Written by attorney Christopher D Soto


Life insurance is an essential estate and financial planning tool. Life insurance is an extremely efficient way to meet the cash and liquidity needs which arise when someone dies. One of the most attractive aspects of life insurance as an estate planning tool is the tax treatment of the proceeds. As a general rule, the proceeds a beneficiary of a life insurance policy receives when the insured dies are entirely income tax free. However, an easily missed tax trap known as the "transfer-for-value rule" can cause some or all of your life insurance policy proceeds to become income taxable. In order to make sure that life insurance proceeds will be fully available to your beneficiaries, it is critical that you avoid triggering the transfer-for-value rule.

As the name implies, the transfer-for-value rule is triggered when there has been a transfer of a life insurance policy (or an interest in the policy) and valuable consideration is given in exchange for that transfer. Transfer-for-value rule issues often arise in connection with buy-sell agreements where business owners are using life insurance proceeds to buy out a co-owner's interest on the death of an owner. Take the following example: Andrew and John are the shareholders of their closely held corporation. Andrew buys a $1 million policy on John's life. When John dies, Andrew collects the life insurance proceeds and intends to use those proceeds to buy out John's ownership in their corporation. If Andrew bought the life insurance policy from John, the proceeds will be subject to ordinary income tax and could result in an income tax bill of over $300,000.00, leaving a fraction of the proceeds available to buy out John's shares. However, if rather than buying a policy transferred from John, Andrew had instead purchased $1 million in life insurance on John's life directly from the insurance company, the $1 million in life insurance proceeds would come to Andrew completely income tax free and leave the full $1 million available to fund the buyout of John's shares.

It is also very important to understand that the transfer-for-value rule can arise any time the economic benefits of a life insurance policy are transferred in return for valuable consideration--even if there is no transfer of ownership of the policy. For example, if Steve makes his friend, Jim, the beneficiary of a policy on Steve's life in exchange for Jim's transfer of ownership of his houseboat, there has been a transfer for value. Therefore, if there has been a transfer--even of a mere interest in a policy--and that transfer is made in exchange for any type of economic consideration, the transfer-for-value tax trap is set.

Fortunately, the tax law contains several exceptions to the transfer-for-value rule. A beneficiary can continue to receive insurance proceeds income tax free--even if there has been a transfer-for-value--in each of the five following circumstances: 1. A transfer to the insured; 2. A transfer to a partner of the insured; 3. A transfer to a partnership in which the insured is a partner; 4. A transfer to a corporation in which the insured is a shareholder or officer; and 5. The transferor's basis exception.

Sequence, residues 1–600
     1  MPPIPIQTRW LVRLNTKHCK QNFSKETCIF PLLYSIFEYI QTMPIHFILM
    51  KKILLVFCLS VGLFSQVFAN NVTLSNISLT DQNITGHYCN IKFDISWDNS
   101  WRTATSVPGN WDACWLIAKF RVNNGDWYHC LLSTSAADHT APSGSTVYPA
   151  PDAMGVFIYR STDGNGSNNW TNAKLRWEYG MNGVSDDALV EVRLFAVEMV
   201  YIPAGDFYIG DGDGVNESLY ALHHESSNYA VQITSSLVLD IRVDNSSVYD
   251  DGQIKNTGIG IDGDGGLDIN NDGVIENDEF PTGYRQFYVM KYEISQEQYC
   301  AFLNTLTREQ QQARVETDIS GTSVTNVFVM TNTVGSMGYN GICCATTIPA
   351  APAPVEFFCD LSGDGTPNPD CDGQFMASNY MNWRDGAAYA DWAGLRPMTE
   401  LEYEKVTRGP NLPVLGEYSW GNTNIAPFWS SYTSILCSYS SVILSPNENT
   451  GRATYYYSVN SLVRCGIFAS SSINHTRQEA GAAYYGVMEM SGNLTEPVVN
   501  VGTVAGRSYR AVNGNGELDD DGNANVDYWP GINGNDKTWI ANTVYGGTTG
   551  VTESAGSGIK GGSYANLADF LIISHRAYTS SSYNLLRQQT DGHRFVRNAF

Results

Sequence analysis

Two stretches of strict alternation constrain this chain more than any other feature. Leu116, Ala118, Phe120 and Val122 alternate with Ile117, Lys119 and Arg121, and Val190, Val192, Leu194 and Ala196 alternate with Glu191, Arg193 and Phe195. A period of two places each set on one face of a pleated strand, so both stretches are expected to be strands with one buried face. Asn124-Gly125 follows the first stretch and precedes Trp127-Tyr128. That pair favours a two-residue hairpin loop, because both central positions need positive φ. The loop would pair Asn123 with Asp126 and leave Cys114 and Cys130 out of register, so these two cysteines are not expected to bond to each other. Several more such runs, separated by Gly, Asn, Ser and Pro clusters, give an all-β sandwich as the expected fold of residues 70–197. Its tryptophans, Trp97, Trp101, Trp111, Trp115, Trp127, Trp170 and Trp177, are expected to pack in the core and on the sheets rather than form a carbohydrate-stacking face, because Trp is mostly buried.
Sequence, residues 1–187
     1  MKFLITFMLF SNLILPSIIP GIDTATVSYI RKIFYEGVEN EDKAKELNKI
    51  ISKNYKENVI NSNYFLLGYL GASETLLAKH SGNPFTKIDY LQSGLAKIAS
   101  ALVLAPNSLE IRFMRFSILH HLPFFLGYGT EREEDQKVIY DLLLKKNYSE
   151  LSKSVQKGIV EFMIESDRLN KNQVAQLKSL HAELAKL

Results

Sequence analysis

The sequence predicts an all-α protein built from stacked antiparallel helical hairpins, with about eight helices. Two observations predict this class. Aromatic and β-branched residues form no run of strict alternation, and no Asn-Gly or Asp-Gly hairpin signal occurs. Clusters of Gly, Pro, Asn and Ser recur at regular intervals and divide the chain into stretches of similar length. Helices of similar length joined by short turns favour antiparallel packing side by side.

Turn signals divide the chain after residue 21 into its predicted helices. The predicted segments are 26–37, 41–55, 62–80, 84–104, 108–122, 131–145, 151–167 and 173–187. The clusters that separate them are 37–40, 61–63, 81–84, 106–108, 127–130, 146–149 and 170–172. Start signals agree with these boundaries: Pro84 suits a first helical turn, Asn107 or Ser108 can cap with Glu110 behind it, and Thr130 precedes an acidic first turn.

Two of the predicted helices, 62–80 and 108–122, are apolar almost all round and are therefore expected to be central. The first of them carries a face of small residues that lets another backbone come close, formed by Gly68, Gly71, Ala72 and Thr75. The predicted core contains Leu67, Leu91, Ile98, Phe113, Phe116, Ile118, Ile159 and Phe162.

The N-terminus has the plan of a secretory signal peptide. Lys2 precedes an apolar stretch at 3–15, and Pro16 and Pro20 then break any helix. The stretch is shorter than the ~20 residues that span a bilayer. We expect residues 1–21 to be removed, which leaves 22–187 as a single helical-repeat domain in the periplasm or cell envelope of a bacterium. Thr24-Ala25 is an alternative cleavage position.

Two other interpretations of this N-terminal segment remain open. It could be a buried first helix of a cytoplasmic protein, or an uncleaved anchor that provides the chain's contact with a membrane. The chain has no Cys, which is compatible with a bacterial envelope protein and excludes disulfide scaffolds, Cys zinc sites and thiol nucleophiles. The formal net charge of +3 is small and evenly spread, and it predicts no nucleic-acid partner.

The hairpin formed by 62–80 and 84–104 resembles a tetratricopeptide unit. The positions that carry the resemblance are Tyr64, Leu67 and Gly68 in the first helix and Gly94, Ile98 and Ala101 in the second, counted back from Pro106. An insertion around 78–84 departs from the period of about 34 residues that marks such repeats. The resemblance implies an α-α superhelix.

The following are some examples of transfers which fall within the exceptions outlined above: o If a corporation owns a life insurance policy on the life of a key executive, Jim, and the corporation transfers the policy to Jim for valuable consideration, the life insurance proceeds will remain income tax free when Jim dies, because Jim was the insured and the transfer falls within the transfer to the insured exception. o Joe and Al are partners in a partnership. Joe sells Al a policy on Joe's life in exchange for a cash payment. Because it is a transfer to a partner of the insured, this transfer would be an exception to the transfer-for-value rule, and Al's receipt of the policy proceeds will be income tax free. o Similarly, if Al sold a policy on his life to the partnership in exchange for financial consideration, this would fall within an exception and the partnership would receive the proceeds income tax- free.

These exceptions to the transfer-for-value rule provide you and your advisors with a number of creative opportunities and tools to transfer interests in life insurance policies while keeping the life insurance death proceeds completely income tax exempt. In summary, if the IRS determines that you have made a transfer of an interest in a life insurance policy which triggers the transfer-for-value rule, this could have devastating income tax ramifications to the beneficiary, and could have a potentially catastrophic effect on the objectives for which the insurance was purchased. Therefore, it is critical that you and your advisors carefully analyze any potential transfer of an interest in a life insurance policy to determine whether the transfer-for-value rule applies. Proper navigation of the transfer-for-value rule and proper coordination of policy ownership and beneficiary designations can literally allow you to leave an unlimited amount of life insurance proceeds to your beneficiaries completely estate and income tax free!

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